Archive for the 'Delivery' Category

Jul 09 2015

A voice lesson from the soccer field

Published by under Delivery

dreamstime_m_11013710I loved seeing the US team win the women’s world cup of soccer. What an amazing display of skill and strategy, and what fun! I passed by restaurants and sports bars that day, and they were full of people shouting and carrying on about the victory. But no one expressed enthusiasm about Carli Lloyd’s performance better than the commentator in this clip.

His vocalisms point out how a voice can be unique and expressive and make a much greater impact than others when one chooses an extraordinary way to say something. There are more than a dozen characteristics of sound that you can use for “vocal variety,” or inflection. This commentator used elongation of words to make his point. He also played with volume. The next time you have something important to say, say it like you mean it. And try some new ways to say what’s on your mind. It’s all about hitting your goooooooooaaaallll!

For more on this topic, please see my post, 5 Colors for Vibrant Vocal Variety

© Mikdam | Dreamstime.comSoccer Ball Photo

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Jul 15 2011

Speak like you sing, sing like you speak

Published by under Delivery

Years ago, I studied voice with Seth Riggs, a teacher who had a profound impact on my teaching.  He taught me that the voice is the same instrument whether you are singing or speaking.  Today, when I teach singing, I teach people to find their “speech level.”  When I work with speakers, I listen for dynamics, tone, and phrasing, just as I would if they were singing.: The same physiology with slightly different applications.

This is why I was fascinated to read about Brian Eno’s latest project.  The composer’s new album is poetry read and set to music. ” ‘We are all singing. We call it speech, but we’re singing to each other,” Eno said (sang?) from London .’I thought, as soon as you put spoken word onto music, you start to hear it like singing anyway. You start to develop musical value and musical weight, and you start to notice how this word falls on that beat, and so on.’ ”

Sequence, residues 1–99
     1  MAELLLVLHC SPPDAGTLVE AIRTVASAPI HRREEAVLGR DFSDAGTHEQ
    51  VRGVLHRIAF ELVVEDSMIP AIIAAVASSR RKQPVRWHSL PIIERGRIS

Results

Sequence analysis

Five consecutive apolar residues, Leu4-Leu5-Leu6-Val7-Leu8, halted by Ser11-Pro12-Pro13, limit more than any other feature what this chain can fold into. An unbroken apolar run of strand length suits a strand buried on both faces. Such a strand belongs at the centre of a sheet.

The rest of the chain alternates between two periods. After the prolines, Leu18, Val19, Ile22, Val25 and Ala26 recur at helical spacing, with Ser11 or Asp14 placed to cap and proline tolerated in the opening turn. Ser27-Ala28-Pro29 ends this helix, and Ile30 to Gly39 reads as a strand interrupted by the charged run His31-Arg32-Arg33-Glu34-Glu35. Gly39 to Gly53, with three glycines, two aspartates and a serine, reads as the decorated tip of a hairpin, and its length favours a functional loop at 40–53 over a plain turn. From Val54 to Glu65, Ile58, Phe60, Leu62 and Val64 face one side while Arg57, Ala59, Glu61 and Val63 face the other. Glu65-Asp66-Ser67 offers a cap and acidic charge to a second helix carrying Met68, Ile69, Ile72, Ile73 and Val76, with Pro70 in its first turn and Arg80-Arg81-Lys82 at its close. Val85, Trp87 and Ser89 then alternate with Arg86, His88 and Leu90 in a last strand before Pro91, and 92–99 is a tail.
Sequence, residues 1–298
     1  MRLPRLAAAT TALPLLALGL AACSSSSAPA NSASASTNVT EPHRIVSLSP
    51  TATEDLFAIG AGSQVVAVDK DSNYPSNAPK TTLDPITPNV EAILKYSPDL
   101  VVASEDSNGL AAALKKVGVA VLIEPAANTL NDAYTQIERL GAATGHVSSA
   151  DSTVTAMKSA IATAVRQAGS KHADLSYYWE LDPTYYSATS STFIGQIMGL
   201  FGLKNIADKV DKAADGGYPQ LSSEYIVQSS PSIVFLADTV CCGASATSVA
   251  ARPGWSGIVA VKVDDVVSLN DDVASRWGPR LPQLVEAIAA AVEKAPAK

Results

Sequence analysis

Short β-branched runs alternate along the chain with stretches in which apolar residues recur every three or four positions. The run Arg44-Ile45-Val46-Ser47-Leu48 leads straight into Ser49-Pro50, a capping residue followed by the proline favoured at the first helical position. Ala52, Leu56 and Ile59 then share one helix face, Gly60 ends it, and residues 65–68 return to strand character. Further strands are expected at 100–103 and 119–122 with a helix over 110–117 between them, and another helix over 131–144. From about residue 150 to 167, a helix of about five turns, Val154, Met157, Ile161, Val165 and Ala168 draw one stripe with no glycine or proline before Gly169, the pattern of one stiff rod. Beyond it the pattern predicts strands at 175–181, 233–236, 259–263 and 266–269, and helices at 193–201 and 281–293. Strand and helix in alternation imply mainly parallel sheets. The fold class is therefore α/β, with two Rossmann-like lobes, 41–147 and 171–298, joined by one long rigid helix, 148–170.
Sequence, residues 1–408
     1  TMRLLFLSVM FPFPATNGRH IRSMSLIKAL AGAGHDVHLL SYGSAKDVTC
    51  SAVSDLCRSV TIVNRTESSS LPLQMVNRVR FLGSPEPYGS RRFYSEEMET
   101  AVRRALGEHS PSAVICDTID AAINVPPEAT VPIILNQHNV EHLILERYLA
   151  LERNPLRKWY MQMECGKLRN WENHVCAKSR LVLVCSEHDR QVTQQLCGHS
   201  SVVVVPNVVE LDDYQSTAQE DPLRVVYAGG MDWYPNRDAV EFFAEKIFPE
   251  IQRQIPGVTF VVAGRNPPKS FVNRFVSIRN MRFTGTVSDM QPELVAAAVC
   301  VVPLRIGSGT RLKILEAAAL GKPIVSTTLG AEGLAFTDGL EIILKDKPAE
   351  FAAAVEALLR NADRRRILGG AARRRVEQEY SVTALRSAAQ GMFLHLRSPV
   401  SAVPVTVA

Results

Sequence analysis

About a year ago, this relationship between singing and speaking was discussed in an article in Scientific American.  There is evidence that humans learned to speak because of music, and that we love music because it reminds us of speech.  Or is it the other way around?  My own experience is that whichever it is,  music and speaking are connected.  Now, I ask you, my readers, how is your speaking voice like your singing voice and vice versa?  Have you ever thought of this?  If you have, I would love to hear from you.  If you haven’t, here are some ideas to start the exploration:

As a speaker, consider that your voice is a musical instrument.  As a musician, you can apply dynamics, tone, expression, phrasing, and pitch, volume, and many other aspects of sound production and expression to what you are doing.  If you play an instrument already, you are already trained to take this approach.  Try it.

As a singer, your speaking voice is a guide for your singing voice.  Try speaking phrases before singing them.  Notice how your production is similar and how it is different.  Strive to speak on pitch and to be aware of how you may be affecting the sound to create a pretty voice, or a pop voice, or a “legit” voice.  Style is closely related to registration.  Basic vocal production as a singer is akin to “Xtreme” speech.  If you want to know more about this, let me know.

To read more about Brian Eno’s project, Drum Between the Bells, please see this Los Angeles Times’ article .

And for more thoughts on this topic, please see The Eloquent Woman.  (Great minds think alike!)

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